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It's about time someone acted to stop the downward slide basketball was taking.
We are talking about the uber-muggings disguising themselves as physical play, especially around the basket, in high school basketball. Apparently, the Kentucky High School Athletic Association has pulled a Roberto Duran in response.
(For the under-30 crowd, do a Google-search of that name and you will see why it is germane to this subject. Trust me, it is.)
In case you missed it, my friend Mike Fields penned an article in the high school basketball section of Sunday's Lexington Herald-Leader dealing with the apparent crackdown on overly physical play this year.
All I can say, again, is, “It is about time.”
The article noted how KHSAA commissioner Julian Tackett met with officials after the first day of last year's boys' state tournament in response to the grabbing, holding and generally rough play that has plagued the sport for some time. It was most apparent when Louisville Trinity held Bullitt East, a team that has been able to put points on the scoreboard in bunches over the years, to just 32 points.
That, of course, happened in spite of the fact that Bullitt East boasted Derek Willis, who has since signed with the University of Kentucky.
Bullitt East coach Troy Barr, another friend from the days when the Chargers competed with Anderson County in the Eighth Region, was quoted as saying some of his players were literally bleeding after that game and the Sixth Region final against Pleasure Ridge Park.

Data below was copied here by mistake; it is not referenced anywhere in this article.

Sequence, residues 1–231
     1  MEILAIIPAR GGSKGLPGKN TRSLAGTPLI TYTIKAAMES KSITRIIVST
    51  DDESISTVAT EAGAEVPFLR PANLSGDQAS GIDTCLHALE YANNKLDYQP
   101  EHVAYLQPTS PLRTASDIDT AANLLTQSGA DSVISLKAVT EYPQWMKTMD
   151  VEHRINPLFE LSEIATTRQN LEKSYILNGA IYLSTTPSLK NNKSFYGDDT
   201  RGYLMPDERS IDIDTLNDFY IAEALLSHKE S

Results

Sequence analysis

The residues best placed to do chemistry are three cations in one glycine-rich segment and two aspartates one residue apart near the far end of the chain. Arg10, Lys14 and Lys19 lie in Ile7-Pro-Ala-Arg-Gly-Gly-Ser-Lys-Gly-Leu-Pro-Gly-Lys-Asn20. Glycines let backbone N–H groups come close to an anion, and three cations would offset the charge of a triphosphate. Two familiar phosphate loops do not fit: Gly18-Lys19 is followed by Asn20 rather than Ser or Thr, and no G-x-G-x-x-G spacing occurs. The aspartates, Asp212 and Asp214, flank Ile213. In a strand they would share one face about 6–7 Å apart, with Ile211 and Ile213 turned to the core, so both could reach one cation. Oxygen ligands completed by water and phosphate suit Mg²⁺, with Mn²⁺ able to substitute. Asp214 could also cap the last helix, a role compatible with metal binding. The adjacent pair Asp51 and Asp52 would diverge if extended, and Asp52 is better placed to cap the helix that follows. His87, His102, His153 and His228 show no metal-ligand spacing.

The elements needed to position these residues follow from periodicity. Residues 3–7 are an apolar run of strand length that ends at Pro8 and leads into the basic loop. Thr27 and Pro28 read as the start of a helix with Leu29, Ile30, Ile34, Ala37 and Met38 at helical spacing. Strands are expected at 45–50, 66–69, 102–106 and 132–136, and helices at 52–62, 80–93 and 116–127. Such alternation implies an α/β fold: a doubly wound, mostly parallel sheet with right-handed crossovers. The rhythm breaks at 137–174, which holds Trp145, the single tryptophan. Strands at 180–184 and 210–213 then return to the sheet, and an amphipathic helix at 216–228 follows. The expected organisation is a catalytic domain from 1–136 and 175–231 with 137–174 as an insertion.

Folks, if it is blood we want, we can watch boxing. We can watch the UFC. For that matter, we can watch football. Those are sports where it is expected.
Basketball? Even though Dr. Naismith created the game as a winter activity for football players, I just can't imagine him wanting to see such a wonderful game exchanging beauty for beasts.
OK, that might be a bit harsh, but you get the idea.
Growing up, I came to love a game predicated on quickness, finesse and skill. Think Rupp's Runts, the first team I ever followed. Only a handful of their games were ever shown on our old black-and-white TV, but as a kid, I came to love that incredible fast break, usually converted with nary a dribble, ending with an open layup.
Somewhere along the line, things changed. Some blame Bobby Knight and the physical play he introduced when he got to Indiana in 1971. Others point to Joe B. Hall and his Twin Tower set that some critics derided as “King and Kong.”
I don't know about that, but do know that when I recently took a few hours to watch the 1978 Kentucky-Duke NCAA final on DVD – Thanks, Steph! – those guys were like choir boys compared to what we see today.
And the areas where the college game has devolved over time have trickled down to the high schools. It's not good.
I have often felt basketball might be the sport most conducive to guile and creativity overcoming superior athleticism. I still believe that. See Villanova and Georgetown for details. Every year, some team gets to the high school Sweet 16 using that very same formula.
It should always be that way.
While they are at it, I do hope someone also reminds officials that the rules are the same whether something happens two minutes into the contest or with two minutes to go.
When officials allow even more rough play under the pretense of letting the players decide the game, they are doing just the opposite. Players decide the game when infractions are called.
Officials, whether they intend to or not, determine the winner even when those violations are excused.
And like the rough play, it is time for them to say good-bye.
Comment at www.theandersonnews.com.